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This page provides a brief non-technical overview of the CoupCast methodology. For more extensive details, please visit our dataset page.

Coups, unlike other political crises that unfold over weeks, months, or years, are precisely timed events aimed at ousting a very specific individual from power. This precision means the risk of a coup may vary greatly over the course of a year. It can change instantaneously during transitions between leaders. For this reason, CoupCast estimates a unique risk of a coup attempt for every individual leader for each month he or she is in power.

To generate a predictive model, we collect data on coups and the conditions that decades of coup research link to coup plotting. These data include:

  • HISTORICAL COUP DATA on approximately 600 coup attempts dating back to 1920.
  • SOCIOECONOMIC CONDITIONS including GDP, economic growth, infant mortality, and extreme deviations in precipitation.
  • POLITICAL CONDITIONS including measures of militarization, democratization, regime longevity, and the timing and outcomes of elections and referendums.
  • POLITICAL VIOLENCE INDICATORS, both within a country and in the region.
  • REGIONAL SHOCKS that capture political instability, change, and economic shocks in nearby countries.
  • LEADER TRAITS, such as age, military experience, time in power, and method of entry.

We use historical data to find the statistical relationships between these variables and coup attempts and then use those relationships to forecast the risk of a coup against every world leader within the next month.

We produce monthly estimates in three stages:

Stage 1: Theoretically-Informed Models

Coup experts have worked for decades to quantify the correlations between coup attempts and numerous risk factors. We draw likely causes of coup attempts from this rich research literature and use a series of complementary log-log regressions to predict monthly coup risk. This form of regression assigns every month a coup probability ranging from 0% to 100% while allowing a large majority of the estimates to be very close to zero. This is ideal because between 1950 and 2016 a coup attempt occurred in only 0.3% of months at risk (less than 500 out of nearly 130,000 months a leader of a country was in power).

We train the model on the time period beginning in January 1950 and ending in December 1974. We use that period to predict the risk of a coup in 1975 and then add 1975 to our dataset to predict the risk of a coup during each month in 1976. This is repeated for every year so that the model is always making out-of-sample predictions about the future. Events in more recent years are weighted more heavily than events further in the past. In this way, the model draws on more historical data every year, yet recent coups influence estimates more than coups from decades earlier.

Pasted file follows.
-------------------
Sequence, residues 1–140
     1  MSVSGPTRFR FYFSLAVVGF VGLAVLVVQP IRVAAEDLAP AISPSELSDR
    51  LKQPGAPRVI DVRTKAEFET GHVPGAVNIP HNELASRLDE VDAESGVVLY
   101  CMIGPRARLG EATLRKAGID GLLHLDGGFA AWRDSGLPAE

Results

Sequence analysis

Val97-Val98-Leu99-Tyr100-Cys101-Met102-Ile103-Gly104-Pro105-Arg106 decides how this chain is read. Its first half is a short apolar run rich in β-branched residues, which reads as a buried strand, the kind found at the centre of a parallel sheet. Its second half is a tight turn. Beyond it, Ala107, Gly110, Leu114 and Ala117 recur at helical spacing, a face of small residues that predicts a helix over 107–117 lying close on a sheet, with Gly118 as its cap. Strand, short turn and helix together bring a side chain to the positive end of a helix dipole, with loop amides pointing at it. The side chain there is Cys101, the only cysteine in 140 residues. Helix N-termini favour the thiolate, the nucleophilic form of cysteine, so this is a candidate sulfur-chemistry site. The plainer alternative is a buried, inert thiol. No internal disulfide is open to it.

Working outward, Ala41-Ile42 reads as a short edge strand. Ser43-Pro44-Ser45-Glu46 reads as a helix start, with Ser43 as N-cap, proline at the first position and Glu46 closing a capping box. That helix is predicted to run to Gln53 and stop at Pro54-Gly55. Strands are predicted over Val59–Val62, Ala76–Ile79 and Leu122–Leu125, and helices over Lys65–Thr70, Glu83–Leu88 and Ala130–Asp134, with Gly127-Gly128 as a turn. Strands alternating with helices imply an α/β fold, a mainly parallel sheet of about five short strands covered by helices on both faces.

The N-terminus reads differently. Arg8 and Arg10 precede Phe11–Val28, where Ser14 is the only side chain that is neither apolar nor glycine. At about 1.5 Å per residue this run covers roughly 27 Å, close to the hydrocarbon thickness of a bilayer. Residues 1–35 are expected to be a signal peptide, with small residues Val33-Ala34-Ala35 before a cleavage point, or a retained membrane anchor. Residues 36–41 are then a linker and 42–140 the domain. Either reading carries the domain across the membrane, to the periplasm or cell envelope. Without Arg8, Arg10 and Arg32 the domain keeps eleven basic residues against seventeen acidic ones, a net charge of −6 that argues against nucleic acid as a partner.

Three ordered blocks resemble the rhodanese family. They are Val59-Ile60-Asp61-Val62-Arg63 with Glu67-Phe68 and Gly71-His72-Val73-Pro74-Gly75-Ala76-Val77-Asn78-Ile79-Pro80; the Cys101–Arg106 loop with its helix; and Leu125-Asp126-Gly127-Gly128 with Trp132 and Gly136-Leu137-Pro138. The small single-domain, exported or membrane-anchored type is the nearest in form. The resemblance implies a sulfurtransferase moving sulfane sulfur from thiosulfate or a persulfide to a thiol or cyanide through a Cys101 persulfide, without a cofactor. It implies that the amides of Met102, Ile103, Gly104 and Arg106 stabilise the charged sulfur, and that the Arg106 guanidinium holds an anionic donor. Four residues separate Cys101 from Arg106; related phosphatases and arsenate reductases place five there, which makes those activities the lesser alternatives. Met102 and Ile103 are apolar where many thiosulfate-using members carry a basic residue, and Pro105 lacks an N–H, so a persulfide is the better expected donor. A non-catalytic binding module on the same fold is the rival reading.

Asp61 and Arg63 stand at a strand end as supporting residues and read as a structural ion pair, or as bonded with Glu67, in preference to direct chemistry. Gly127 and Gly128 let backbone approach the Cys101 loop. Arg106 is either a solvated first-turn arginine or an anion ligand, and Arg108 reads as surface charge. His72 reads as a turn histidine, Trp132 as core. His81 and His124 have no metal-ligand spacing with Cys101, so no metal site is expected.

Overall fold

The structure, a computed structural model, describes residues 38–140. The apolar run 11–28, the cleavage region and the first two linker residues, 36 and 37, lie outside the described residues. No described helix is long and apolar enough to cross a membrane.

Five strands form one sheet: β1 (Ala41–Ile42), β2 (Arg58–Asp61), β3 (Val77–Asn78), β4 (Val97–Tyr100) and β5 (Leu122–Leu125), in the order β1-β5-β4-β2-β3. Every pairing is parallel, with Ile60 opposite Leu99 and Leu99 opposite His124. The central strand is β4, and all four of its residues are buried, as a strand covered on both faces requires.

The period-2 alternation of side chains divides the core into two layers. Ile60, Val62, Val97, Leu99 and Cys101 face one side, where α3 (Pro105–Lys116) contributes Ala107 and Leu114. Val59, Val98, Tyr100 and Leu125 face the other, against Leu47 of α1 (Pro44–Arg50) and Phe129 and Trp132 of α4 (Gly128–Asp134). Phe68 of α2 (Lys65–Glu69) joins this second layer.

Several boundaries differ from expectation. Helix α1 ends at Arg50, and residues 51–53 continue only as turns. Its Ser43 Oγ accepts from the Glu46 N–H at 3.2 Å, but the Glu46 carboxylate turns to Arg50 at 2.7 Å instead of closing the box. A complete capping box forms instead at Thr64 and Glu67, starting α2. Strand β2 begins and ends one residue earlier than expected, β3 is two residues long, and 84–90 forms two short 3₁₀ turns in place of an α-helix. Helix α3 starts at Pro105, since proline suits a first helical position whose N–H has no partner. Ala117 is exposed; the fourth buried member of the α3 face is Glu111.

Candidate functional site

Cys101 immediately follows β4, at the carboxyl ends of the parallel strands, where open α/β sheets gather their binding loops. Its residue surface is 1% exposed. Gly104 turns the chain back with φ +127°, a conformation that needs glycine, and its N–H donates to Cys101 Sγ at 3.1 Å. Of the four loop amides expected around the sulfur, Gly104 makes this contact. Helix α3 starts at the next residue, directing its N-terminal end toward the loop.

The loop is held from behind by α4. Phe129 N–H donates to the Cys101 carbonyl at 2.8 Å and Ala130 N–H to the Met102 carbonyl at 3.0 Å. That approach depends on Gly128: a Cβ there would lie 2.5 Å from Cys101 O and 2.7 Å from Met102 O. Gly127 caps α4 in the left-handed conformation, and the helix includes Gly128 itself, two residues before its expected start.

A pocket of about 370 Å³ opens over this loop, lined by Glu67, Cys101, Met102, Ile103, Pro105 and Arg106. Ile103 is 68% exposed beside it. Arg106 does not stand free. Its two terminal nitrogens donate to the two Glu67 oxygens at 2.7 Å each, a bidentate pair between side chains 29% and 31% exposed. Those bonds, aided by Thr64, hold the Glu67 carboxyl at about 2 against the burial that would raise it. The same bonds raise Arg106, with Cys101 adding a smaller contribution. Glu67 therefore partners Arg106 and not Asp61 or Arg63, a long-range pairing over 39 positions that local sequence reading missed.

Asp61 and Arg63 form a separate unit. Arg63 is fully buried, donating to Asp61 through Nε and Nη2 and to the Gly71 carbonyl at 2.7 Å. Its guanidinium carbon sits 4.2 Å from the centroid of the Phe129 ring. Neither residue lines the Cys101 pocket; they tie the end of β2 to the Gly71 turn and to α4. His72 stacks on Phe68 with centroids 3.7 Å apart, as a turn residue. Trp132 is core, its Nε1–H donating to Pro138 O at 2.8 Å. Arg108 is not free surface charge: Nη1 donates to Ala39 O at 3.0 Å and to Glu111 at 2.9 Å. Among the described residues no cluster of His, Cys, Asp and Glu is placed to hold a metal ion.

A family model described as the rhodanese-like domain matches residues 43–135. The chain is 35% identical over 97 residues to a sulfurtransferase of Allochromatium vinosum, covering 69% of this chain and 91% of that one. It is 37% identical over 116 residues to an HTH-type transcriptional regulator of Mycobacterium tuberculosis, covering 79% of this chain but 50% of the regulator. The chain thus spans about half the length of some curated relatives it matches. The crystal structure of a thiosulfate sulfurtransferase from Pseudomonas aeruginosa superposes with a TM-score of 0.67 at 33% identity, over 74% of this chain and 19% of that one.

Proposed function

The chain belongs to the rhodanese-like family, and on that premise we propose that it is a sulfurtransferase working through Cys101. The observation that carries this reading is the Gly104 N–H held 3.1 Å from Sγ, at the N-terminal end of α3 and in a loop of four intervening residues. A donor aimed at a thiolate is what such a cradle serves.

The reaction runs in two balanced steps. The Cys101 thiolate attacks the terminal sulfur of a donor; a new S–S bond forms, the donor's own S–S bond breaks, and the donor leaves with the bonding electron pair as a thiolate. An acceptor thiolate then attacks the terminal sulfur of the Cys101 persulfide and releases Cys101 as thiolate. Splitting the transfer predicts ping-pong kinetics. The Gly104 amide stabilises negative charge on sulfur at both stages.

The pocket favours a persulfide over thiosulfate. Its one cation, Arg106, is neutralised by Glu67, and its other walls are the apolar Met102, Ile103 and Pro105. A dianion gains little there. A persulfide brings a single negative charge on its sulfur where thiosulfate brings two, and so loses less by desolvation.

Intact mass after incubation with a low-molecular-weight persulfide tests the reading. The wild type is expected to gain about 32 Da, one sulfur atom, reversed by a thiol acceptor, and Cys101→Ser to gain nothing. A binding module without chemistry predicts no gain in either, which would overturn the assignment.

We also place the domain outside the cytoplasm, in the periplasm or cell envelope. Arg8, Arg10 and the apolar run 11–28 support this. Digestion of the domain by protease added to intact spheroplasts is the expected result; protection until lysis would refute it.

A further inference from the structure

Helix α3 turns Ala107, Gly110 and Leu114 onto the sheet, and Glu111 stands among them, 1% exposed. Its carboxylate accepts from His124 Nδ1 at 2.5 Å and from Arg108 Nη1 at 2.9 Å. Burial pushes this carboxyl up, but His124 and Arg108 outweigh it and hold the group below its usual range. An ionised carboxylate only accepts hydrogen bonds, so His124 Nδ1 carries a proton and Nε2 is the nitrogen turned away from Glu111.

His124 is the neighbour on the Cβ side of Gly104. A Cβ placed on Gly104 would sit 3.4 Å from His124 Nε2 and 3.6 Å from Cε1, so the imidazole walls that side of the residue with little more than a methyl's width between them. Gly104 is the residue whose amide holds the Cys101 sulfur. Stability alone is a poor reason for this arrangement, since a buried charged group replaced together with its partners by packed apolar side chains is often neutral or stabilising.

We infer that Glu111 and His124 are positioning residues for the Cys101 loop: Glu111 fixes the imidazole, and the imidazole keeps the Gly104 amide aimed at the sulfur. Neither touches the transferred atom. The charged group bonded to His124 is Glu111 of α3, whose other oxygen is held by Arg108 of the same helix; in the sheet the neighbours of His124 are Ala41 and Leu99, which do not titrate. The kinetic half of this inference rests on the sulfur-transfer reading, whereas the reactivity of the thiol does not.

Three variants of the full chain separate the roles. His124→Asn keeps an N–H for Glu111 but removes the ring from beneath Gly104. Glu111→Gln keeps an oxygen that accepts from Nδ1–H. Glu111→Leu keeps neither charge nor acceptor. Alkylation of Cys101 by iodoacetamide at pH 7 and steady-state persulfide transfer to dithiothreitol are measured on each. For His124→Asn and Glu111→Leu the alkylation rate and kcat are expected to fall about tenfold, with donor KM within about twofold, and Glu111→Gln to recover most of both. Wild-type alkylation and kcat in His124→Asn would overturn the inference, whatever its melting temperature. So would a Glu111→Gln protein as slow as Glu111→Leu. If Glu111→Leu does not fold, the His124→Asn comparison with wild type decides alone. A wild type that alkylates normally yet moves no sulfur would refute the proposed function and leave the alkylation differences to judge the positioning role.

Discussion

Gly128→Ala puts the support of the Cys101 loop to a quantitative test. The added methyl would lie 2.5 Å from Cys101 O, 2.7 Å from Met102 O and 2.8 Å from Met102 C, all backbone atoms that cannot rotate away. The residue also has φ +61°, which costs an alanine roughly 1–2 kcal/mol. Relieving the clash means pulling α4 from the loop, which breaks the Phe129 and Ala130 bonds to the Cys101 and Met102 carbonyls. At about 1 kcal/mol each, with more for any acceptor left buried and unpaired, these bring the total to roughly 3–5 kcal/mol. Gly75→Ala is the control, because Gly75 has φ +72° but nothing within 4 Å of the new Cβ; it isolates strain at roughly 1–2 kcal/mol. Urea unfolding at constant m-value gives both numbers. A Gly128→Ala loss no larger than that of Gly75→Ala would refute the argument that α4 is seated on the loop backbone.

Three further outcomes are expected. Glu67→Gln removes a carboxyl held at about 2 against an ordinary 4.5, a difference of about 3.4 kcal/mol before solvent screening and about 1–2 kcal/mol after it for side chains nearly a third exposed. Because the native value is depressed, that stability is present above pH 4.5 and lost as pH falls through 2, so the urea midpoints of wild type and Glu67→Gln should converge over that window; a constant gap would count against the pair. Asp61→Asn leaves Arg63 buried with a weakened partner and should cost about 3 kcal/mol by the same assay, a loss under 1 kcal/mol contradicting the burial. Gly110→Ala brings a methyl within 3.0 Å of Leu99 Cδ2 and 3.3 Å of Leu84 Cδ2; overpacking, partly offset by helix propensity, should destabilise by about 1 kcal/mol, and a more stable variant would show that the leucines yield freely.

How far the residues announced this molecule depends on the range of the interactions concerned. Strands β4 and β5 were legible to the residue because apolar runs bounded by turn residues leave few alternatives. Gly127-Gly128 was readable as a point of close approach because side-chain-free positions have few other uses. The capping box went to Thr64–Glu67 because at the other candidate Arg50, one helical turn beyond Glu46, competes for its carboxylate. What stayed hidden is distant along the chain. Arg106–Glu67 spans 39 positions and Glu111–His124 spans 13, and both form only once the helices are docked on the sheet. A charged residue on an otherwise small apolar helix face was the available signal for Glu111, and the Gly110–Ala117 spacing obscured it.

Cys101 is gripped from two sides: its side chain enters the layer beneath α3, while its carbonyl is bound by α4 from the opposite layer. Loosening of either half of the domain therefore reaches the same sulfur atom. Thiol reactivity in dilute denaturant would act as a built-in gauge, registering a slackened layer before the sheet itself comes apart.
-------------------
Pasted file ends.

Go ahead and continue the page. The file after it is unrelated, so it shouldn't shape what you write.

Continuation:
Stage 2: Machine Learning

The advantage of the first stage is that it draws on the large body of research on the causes of coup attempts to identify the factors that are widely expected to be drivers of coup plotting. This means it puts a strong emphasis on conditions such as democratization, recent instability, economic crises, and authoritarian regime types. However, predictions can be very sensitive to the researcher’s subjective decisions about how variables are used, transformed, and combined in a particular regression. Inductive “machine learning” can complement this approach with computing power.

By using a machine learning method called random forest, we can test hundreds or thousands of possible combinations of variables (“trees”) to identify combinations that predict coups especially well. A random forest model is built on an earlier idea in machine learning - “trees” or “tree-based” methods. A tree-based method selects the most powerful predictor (the ‘root’) of an event, such as a coup, and selects one of its values as a split point. It splits the data according to values above and below the split point, and selects the most powerful predictor in each of the new sets. Then it selects split points for those predictors and begins the process anew. Over some number of splits, the amount of data in any split gets sparse, or the tree gets very large, at which point the process halts. To make a prediction, one must simply start at the root and follow the splits until reaching the end of a branch. All the predictions at the end of a branch are the same.

Random forests, as one might suspect, are a collection of many trees. Each tree is constructed as described above, but with one key distinction: not all predictors can be considered at once. Each tree in a random forest is constructed by first randomly selecting a subset of the variables available for prediction, thus making it impossible to consider all variables at once. In so doing, each tree can be a little different, and each root can form with a variable that is not the most predictive. To make a prediction, random forests take the average splitting values from numerous trees to create predictions that represent the collective wisdom of many, many different explanatory models. These predictions often outperform the estimates produced by any single “tree.”

Stage 3: Combined Model

Interestingly enough, the more deductive Stage 1 approach and the more inductive Stage 2 approach are similarly good at predicting coup attempts, but they are much stronger when they are combined. We produce our final estimates by interacting the Stage 1 and Stage 2 results in a final complementary log-log regression. This effectively assigns a higher probability of a coup where both models agree coup risk is a high, a moderate coup risk where the models disagree, and an extremely low risk of a coup where both models agree coup risk is low. For more information on how the models perform against past coup activity, please visit our accuracy page.